?Drivers make my life Hell?, Olympic sprint champion Victoria Pendleton told the Manchester Evening News in an interview last week. Motorists put her life ?in danger at least once an hour?, she said.
Ideal opportunity, I thought, for the British Cycling Board to go public with show of solidarity for our Queen of the Track, one of the most high profile athletes in Britain.
But no. There has been no response from British Cycling chiefs, currently bathing in the after glow of the British team?s huge Olympic success in Beijing. Because they don?t want to draw attention to the danger on the roads.
First, here?s what Pendleton said. She confessed to be ?depressed? that motorists should put her life in danger.
“It is hard to deal with,” she said. “I am trying to do my training – it is my job. In Manchester when it’s fairly busy I can guarantee there will be one occasion per hour where somebody takes a stupid risk and basically puts me in danger.
“You are not trying to hold them up. I don’t go out with my bike at rush hour just to **** people off, I wait until it is over. People are very proud, but I wish they were a little more considerate for our cyclists.
“It can get you down, it can get quite depressing when people are shouting abuse at you.”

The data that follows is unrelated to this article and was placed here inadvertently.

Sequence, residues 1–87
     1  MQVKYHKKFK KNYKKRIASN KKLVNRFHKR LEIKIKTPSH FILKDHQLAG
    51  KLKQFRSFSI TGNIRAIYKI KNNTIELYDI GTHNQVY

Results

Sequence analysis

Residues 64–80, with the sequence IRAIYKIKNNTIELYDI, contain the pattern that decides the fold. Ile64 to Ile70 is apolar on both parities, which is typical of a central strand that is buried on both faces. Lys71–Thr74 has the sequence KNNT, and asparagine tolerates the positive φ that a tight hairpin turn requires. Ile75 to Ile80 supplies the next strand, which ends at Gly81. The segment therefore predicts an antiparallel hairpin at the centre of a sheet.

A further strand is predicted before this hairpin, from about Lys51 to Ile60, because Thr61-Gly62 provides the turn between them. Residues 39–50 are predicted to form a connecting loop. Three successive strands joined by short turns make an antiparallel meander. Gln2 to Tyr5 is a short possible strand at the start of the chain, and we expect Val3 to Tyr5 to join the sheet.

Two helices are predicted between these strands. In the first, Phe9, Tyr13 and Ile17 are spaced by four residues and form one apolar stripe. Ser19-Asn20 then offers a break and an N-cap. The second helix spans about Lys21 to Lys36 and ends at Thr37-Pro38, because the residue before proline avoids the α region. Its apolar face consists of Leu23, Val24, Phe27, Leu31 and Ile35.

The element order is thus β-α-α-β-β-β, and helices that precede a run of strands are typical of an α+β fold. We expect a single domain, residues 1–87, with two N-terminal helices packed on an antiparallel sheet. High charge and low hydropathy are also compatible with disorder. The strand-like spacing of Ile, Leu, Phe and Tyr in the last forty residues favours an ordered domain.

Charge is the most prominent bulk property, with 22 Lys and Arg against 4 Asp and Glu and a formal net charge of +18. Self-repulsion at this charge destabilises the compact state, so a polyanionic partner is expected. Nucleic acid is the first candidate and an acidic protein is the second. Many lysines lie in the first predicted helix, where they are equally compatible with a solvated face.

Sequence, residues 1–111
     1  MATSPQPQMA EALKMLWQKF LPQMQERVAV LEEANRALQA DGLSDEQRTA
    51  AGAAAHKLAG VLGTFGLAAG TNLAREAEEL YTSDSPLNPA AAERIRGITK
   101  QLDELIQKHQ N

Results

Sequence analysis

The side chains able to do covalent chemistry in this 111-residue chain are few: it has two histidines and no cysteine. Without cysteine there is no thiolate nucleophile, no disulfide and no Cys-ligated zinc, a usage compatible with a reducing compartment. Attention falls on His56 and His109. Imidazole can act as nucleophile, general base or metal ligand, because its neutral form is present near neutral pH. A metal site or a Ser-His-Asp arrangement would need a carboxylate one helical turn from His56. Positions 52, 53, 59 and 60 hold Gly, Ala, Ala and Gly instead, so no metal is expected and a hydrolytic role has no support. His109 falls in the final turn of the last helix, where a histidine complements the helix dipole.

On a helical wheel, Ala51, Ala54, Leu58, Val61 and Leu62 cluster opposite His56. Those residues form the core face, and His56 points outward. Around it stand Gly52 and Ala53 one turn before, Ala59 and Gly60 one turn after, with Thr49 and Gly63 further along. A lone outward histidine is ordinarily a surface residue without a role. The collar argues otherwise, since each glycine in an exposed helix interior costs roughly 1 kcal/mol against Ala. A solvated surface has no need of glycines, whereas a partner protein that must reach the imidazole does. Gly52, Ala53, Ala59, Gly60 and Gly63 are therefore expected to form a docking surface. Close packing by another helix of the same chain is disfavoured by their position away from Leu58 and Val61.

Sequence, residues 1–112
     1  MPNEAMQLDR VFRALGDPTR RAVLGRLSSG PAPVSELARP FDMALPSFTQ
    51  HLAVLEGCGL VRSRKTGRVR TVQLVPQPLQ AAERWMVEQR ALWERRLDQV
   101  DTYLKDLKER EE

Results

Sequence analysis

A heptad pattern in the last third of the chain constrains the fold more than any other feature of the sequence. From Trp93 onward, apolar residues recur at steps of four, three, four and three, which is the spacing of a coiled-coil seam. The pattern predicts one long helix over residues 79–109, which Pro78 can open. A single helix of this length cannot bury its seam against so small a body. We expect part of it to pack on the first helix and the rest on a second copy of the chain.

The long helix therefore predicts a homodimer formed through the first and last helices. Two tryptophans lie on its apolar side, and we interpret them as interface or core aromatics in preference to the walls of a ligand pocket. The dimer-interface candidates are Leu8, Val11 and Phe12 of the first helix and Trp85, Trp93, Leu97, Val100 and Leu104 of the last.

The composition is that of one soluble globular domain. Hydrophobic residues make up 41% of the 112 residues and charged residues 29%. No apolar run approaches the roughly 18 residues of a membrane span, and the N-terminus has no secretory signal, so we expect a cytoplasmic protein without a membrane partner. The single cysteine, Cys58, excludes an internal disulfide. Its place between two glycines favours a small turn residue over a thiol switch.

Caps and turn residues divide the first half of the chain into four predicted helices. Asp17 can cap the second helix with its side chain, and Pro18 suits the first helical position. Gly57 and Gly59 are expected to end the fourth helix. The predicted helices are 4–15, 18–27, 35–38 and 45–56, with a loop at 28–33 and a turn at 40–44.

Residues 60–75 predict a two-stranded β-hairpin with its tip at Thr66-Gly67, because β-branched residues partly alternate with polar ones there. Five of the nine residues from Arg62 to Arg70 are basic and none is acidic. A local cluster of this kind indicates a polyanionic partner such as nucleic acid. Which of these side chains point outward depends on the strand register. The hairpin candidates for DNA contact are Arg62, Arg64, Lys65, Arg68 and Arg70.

British Cycling fears adverse publicity
Pendleton?s outburst was cue, I thought, for British Cycling to come up with an advertising campaign that might persuade the careless and lunatic drivers out there to be more mindful of others.
But no. No word on what they, the governing body might be planning to do about the one thing that should be bothering them more than anything else, the risks, both real and perceived, from hostile traffic.
You can understand the problem facing British Cycling. By coming out openly to defend cyclists? rights on the road, they send out a message that cycling is inherently dangerous.
Which it isn?t, we know.
So, the argument is that it may not be a good selling point to bang on about the risks. Might put people off from taking up cycling! So, yes, BC is in a cleft-stick.
And anyway, the good news is that cycling deaths are decreasing year on year. The health benefits of cycling outweigh the risks by 10 to 1, the British Medical Association inform us.
That?s comforting, except to those families and friends of those killed or to those seriously injured.
Are we meant to accept these odds as the best we can get, or should we strive to improve them further?
But here?s irony. While BC remain reluctant to openly speak about the dangers facing their members, they happily advertise the virtues of taking silver or gold membership because of the insurance benefits. They are rightly proud of the legal expertise available to them in helping to recover damages for injuries sustained in road crashes caused by drivers.
But they don?t want to go public on road safety concerns, for fear losing members, of putting people off cycling. You can see their point.
However, surely they aware that the vast majority of the public already consider cycling on the roads too dangerous. That?s why they don?t do it. By taking a public lead might not British Cycling grow their membership even more than the impressive increases this year?
Threat to 2012 ambitions
Has it ever occurred to British Cycling that all it will it take to wipe out their 2012 ambitions, is for one idiot in a car to smash into a bunch of Olympic hopefuls out training? That could happen no matter what, of course. Heaven forbid.